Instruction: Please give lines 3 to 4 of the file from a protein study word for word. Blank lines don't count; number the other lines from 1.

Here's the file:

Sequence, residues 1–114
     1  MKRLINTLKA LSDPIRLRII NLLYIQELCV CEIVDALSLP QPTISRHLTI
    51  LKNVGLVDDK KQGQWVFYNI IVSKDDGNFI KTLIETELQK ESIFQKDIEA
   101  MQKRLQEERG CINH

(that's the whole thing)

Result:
    51  LKNVGLVDDK KQGQWVFYNI IVSKDDGNFI KTLIETELQK ESIFQKDIEA
   101  MQKRLQEERG CINH